Hook and eyes are durable fasteners used as additional reinforcement for a variety of garment openings. Although usually small, they must be durable enough to withstand strain and pulling during wear. For that reason, hook and eyes are made of metal featuring either a nickel or black finish. Since they are designed to be understated visually, these two finishes are the most commonly used in dressmaking.
A hook and eye closure comes in two pieces: one serves as the hook while the other is a straight or round shape serving as the eye. Both the hook and the eye have two round holes at each end through which they are permanently sewn to the garment using a whipstitch (see tutorial below).
Hook and eyes are usually sewn to the areas of the garment that have some form of underlay- facing or lining. The reason for that is that the fastening stitched should never be visible on the right side of the garment. Thus, they need to be sewn to the underside of the garment only through the underlay layers.
Although some clothing items use hook and eyes for the entire opening, hook and eyes are usually localized and added as additional reinforcement, or to help certain edges/areas of a garment stay in place. There are commonly two main types of edges that often require hook and eye additions: Lapped and abutted edges.
Lapped edges are those that feature some form of overlapping either through an extension or larger overlapping areas of a garment. This is most commonly seen on traditional lapped waistbands, cuffs, collars and overlapping opening edges.
Abutted edges, on the other hand, touch and meet at the same place when adjoined, but they do not overlap. The most common application of hook and eyes along abutted edges is at the top of invisible zippers, the center front opening edge of a clothing item, along specialized styles of cuffs, collars, and waistbands.
An Uplifting Interview With Artist Kristen Saksa Juen: Bringing Nature-Inspired Ceramics To Modern Spaces.
This morning, as I was browsing through pictures of Kristen Saksa Juen's beautiful ceramics, I inadvertently landed on her Instagram page. A black and white image of clay pieces neatly arranged in a kiln caught my eye. The message adjacent to it made an even more powerful statement as it is a true depiction of Kristen Saksa Juen's journey through her artistic development. She says: " I'm grateful to call myself an artist. Not to say it isn't a lot of hard work that comes with some trade offs. And it took me time, a looong time to even have the courage to say the words 'I am an artist'. But I am so happy and grateful that I get to do this work."
As you'll discover in the interview with Kristen below, art was always present in her life even when she wasn't intently pursuing it. That's the thing about art- you don't choose it, it chooses you. A true artist doesn't actively decide to become an artist. Vise versa, your artistic spirit grabs hold of you and doesn't let go until it is explored and pursued.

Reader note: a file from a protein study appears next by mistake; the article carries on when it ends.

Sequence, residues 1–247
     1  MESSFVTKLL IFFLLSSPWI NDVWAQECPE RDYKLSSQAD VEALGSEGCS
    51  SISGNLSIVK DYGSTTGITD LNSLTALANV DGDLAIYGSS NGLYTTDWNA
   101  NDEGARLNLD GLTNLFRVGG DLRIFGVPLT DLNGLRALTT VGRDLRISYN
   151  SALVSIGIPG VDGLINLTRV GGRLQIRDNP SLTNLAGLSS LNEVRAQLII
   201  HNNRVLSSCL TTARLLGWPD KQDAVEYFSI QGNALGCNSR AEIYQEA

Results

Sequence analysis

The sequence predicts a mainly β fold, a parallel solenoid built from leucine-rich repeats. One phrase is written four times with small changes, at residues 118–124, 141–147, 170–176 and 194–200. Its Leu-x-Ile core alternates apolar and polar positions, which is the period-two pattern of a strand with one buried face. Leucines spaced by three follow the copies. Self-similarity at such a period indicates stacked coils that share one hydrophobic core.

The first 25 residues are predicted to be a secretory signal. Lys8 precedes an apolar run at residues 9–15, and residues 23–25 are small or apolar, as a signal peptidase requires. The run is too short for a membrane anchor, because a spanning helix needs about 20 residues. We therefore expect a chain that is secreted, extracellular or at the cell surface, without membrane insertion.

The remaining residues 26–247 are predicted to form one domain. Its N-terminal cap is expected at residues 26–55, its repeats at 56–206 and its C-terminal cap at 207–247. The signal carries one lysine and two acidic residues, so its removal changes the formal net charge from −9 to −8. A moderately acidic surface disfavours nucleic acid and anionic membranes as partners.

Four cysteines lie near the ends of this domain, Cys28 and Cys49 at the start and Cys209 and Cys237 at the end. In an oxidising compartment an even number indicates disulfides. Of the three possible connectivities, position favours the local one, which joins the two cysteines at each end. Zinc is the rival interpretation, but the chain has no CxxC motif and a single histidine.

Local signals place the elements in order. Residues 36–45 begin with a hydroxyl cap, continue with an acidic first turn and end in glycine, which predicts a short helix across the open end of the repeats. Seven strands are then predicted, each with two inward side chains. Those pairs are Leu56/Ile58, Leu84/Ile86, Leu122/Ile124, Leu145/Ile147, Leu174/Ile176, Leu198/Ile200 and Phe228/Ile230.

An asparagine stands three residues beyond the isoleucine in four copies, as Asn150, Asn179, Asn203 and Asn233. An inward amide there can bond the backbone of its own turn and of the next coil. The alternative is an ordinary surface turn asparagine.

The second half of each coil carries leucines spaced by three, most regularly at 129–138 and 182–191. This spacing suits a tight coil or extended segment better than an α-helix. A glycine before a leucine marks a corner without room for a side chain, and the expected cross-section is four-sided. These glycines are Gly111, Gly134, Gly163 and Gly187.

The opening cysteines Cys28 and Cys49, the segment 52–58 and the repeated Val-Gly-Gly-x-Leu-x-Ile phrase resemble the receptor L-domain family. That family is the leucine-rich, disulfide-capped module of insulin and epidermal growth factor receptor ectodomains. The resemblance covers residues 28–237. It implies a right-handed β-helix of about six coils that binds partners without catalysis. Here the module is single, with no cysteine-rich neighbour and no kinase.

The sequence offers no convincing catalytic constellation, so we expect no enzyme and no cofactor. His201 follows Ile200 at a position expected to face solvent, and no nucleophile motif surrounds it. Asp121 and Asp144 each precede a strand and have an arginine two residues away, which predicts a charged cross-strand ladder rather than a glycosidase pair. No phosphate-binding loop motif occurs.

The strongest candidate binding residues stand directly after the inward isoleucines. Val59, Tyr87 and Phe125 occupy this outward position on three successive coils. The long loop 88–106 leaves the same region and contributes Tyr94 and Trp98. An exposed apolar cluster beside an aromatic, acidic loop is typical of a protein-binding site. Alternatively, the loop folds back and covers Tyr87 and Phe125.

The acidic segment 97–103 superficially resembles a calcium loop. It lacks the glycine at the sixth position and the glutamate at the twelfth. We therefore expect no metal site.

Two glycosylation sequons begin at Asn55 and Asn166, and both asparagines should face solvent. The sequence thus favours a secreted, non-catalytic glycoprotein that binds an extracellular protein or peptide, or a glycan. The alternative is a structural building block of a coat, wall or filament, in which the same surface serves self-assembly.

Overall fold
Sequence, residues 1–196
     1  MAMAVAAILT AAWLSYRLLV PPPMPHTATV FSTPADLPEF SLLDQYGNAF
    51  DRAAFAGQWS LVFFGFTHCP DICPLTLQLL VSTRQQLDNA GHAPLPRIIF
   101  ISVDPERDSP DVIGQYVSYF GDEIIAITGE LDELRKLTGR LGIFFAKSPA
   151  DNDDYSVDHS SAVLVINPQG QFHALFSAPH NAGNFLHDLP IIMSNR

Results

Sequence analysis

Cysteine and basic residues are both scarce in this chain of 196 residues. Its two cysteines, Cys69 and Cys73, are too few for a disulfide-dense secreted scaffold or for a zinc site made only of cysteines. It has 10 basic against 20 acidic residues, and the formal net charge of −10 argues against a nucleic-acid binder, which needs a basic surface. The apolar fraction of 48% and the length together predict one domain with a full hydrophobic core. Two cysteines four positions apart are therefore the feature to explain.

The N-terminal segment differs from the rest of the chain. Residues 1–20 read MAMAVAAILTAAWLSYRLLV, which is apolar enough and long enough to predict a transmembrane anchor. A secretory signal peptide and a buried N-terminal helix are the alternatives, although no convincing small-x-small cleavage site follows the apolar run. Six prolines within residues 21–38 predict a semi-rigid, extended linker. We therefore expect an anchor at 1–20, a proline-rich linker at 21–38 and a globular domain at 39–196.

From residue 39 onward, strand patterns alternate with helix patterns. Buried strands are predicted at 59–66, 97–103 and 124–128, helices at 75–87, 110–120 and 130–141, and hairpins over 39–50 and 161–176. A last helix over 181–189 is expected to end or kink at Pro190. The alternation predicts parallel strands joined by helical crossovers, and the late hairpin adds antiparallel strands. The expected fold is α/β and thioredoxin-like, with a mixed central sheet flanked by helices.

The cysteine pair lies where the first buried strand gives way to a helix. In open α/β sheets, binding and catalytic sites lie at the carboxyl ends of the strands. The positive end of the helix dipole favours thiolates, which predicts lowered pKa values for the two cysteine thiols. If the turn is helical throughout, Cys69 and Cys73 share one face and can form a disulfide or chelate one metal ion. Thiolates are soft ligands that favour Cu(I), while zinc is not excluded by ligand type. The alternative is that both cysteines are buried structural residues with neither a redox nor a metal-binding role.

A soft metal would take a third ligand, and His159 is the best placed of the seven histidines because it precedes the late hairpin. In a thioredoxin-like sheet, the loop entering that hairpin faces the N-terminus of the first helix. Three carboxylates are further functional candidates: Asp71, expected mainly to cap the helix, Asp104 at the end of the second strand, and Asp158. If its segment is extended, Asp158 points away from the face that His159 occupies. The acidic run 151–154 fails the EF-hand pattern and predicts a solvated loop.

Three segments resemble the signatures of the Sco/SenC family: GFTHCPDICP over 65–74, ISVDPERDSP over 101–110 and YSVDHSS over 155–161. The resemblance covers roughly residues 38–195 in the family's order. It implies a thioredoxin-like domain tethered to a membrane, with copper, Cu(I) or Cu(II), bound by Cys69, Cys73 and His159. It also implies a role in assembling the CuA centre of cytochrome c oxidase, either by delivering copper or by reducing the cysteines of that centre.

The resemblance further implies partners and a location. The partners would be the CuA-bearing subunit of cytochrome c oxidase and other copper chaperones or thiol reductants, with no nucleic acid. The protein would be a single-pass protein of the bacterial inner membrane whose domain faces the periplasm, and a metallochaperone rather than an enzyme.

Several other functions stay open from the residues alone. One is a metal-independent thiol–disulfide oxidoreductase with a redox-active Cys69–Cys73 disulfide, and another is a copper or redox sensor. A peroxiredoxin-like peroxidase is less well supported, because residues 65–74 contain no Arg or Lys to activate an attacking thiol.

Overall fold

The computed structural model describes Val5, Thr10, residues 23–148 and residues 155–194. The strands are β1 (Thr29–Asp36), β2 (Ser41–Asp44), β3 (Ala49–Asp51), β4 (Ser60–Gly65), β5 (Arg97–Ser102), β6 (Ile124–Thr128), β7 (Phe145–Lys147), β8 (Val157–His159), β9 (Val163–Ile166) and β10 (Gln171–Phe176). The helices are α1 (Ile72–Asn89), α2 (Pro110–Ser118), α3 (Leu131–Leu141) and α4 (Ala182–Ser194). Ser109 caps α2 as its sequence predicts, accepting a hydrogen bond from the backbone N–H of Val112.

Kristen Saksa Juen
She loves to work with her hands, free-forming and feeling the textures while creating a bond with each material at hand. Kristen sees accidental imperfections as beautiful. To her, what some might perceive as an "imperfection" she sees as a gift that comes from each individual artistic process, creating pieces that are always one-of-a-kind. As opposed to other ceramicists, she does not work on a wheel but rather prefers to hand-mold each piece to her individual artistic rhythm. Her connection to nature is prevalent in her love for naturally vibrant colors, creating unique plant potters, and hand carving nature-inspired prints which she designs to fit within a clean space, both modernizing and refreshing it. She describes her work as "a connection to nature in modern spaces".
It took Kristen years to discover herself and become the artist she is today. As you'll notice in her work presented below, she incorporates the natural color of the clay (and its color variations) into the finished product, resulting in pieces that feel earthy yet maintain clean design lines. In the interview to follow, take a journey into the life of a ceramics artist, from the everyday process of designing and making each piece to the challenges and rewards associated with this artistic exploration.
When and how did you become interested in pottery/ceramics?
I remember being fascinated with ceramics as a child, but it wasn’t until I was in college that I took a couple ceramics classes on the side for fun. My creativity was always something that I thought I would have to satisfy on the side. It took me several more years to have confidence in my artwork, appreciate the value of my creativity, and entertain the idea of working as an artist. When I got back into ceramics and started to develop my own artistic style, I started having so much fun I couldn’t stop.